In a highly personal and at times emotional February Investment Outlook, PIMCO Chief Bill Gross examines life, death, personal loss and Virginia Woolf. Peppered with a significant number of literary and cultural references (even for Gross), the meandering post takes its time in getting to his point–namely, the global economy and financial marketplace are still functioning under the assumption that cheap and abundant credit “is always a positive dynamic.”
Reflecting on the recent birth of his granddaughter and the death of his “beloved” brother-in-law, Gross (left) writes, “Having now matured to trust reason more than faith I offer not so much a resolution, but an alternative to the unanswerable question of Virginia Woolf and the departed souls of Jeff Stubban and billions of others. If we don’t meet again–up there–then perhaps we’ll meet once more–down here. After all, the one thing I know for sure is that we got here once–and because we did, we could do it again. Rest easy, dear Jeff, and welcome to this world, dear Caroline. We’ll all just have to make it up as we go along.”
“Make it up as we go along,” is what he accuses Fed Chairman Ben Bernanke of doing through” a plethora of disparate policy solutions.”
“Letting your pet retriever roam the woods might do wonders for his ‘animal spirits,’” he writes. “But he could come back infested with fleas, ticks, leeches or worse. Fed Chairman Ben Bernanke, dog-lover or not, preannounced an awareness of the deleterious side effects of quantitative easing several years ago in a significant speech at Jackson Hole. Ever since, he has been open and honest about the drawbacks of a zero interest rate policy, but has plowed ahead and unleashed his ‘QE bowser’ into the wild with the understanding that the negative consequences of not doing so would be far worse.”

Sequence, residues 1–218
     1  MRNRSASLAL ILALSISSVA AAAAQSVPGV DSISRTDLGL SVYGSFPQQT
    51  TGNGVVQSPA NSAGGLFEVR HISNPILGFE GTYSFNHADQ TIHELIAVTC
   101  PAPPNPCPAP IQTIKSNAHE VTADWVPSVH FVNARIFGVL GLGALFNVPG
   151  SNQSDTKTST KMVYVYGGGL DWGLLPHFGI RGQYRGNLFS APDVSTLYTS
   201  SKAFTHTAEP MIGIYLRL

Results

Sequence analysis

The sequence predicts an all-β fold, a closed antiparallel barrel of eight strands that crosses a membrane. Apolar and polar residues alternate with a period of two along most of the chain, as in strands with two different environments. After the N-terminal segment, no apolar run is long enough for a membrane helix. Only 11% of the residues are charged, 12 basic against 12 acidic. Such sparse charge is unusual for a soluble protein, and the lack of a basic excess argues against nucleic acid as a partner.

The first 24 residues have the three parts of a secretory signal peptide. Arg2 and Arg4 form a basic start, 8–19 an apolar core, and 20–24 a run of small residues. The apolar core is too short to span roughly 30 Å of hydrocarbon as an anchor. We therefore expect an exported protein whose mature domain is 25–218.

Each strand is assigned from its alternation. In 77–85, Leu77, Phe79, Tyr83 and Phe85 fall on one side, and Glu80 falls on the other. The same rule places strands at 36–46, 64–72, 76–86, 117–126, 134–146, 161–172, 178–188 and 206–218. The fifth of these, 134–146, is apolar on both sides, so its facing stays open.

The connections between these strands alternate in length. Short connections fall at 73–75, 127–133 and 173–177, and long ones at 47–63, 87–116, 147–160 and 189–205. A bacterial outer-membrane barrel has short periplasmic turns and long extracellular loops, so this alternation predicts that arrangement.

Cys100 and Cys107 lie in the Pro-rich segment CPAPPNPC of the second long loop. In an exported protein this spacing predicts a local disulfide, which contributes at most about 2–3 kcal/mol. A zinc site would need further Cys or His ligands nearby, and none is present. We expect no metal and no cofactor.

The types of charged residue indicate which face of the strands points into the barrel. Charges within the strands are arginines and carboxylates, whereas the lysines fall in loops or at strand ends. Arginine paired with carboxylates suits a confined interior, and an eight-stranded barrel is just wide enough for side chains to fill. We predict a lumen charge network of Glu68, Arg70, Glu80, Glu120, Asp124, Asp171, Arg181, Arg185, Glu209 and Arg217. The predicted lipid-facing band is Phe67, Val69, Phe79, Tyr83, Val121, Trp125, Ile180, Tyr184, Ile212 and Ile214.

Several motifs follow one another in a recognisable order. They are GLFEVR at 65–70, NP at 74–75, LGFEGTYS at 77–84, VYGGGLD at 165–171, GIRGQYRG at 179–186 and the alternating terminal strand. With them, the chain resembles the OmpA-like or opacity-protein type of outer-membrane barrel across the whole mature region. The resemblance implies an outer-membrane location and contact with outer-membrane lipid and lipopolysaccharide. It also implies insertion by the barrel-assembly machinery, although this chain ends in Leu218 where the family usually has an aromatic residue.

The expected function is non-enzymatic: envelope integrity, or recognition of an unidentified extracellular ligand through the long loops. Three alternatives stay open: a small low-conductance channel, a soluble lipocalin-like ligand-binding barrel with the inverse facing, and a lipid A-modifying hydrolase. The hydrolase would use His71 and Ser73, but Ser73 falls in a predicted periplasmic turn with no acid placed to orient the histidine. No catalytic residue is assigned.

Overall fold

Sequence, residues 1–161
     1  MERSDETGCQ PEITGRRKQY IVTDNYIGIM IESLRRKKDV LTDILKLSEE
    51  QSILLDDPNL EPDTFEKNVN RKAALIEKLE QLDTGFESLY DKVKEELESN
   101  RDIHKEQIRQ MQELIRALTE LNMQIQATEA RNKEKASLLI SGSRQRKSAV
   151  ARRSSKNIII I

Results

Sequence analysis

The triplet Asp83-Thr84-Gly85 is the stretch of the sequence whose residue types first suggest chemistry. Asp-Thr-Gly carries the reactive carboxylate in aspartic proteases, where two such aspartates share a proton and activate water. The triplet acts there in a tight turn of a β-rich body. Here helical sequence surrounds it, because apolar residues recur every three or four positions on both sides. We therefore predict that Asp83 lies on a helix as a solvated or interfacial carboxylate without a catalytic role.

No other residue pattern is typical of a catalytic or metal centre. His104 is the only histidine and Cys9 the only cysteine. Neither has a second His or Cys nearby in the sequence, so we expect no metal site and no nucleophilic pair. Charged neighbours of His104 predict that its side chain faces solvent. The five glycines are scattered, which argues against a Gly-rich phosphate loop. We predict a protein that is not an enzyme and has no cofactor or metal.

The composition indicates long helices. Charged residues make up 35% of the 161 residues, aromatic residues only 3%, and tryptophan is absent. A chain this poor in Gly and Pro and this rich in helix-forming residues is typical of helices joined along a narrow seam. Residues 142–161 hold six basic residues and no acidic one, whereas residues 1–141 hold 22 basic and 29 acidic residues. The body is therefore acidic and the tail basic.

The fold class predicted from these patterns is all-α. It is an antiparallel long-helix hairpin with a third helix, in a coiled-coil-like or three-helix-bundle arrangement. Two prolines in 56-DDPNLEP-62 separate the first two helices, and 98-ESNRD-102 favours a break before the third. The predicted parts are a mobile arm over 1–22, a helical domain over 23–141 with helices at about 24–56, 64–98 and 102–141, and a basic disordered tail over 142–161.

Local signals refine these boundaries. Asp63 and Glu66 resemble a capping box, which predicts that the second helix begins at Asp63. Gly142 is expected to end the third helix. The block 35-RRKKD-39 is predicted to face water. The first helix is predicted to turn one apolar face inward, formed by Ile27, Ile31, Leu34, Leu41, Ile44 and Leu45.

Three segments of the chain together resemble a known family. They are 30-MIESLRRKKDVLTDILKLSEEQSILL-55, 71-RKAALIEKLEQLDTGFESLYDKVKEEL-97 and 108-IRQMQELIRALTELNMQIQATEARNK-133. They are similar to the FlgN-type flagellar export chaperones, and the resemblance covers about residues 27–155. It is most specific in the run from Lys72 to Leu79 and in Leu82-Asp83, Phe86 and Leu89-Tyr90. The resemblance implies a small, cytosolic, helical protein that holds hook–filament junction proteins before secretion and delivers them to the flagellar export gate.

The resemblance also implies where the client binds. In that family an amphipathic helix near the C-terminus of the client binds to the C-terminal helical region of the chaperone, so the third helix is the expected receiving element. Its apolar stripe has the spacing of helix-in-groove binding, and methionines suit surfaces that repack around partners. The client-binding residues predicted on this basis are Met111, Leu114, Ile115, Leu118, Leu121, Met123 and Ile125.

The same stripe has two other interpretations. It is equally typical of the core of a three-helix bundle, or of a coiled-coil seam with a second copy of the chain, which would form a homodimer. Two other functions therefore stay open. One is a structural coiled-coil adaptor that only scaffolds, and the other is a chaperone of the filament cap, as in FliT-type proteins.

His intent is not to pick a “doggie bone” with the chairman, but rather to alert the reader to the costs ahead for the aforementioned economy and marketplace that still believe cheap and abundant credit is always a positive.
“When interest rates approach the zero bound they may transition from historically stimulative to potentially destimulative/regressive influences. Much like the laws of physics change from the world of Newtonian large objects to the world of quantum Einsteinian dynamics, so too might low interest rates at the zero-bound reorient previously held models that justified the stimulative effects of lower and lower yields on asset prices and the real economy.”
Gross makes three predictions as a result:
- Recent central bank behavior, including that of the U.S. Fed, provides assurances that short and intermediate yields will not change, and therefore bond prices are not likely threatened on the downside.
- Most short to intermediate Treasury yields are dangerously close to the zero-bound which imply limited potential room, if any, for price appreciation.
- [Investors] can’t put $100 trillion of credit in a system-wide mattress, but [they] can move in that direction by delevering and refusing to extend maturities and duration.
In a related story, a report from Bloomberg on Thursday appears to back his first assertion. The news service notes six of the 10 most expensive bond closed-end funds are managed by Bill Gross or his colleagues at Pacific Investment Management Co. The reason, it argues, is that investors are starved for yield and are bidding up prices of funds with high payouts run by brand name managers.
“Gross’s $1.55 billion PIMCO High Income Fund, which is trading at a 66 percent premium, above its three-year average of 49 percent, offers investors distributions of 11.5 percent,” according to the story. The PIMCO Global StocksPlus & Income Fund, which is run by PIMCO manager Dan Ivascyn and has a 10% payout, trades 76% above its net asset value as of Feb. 14.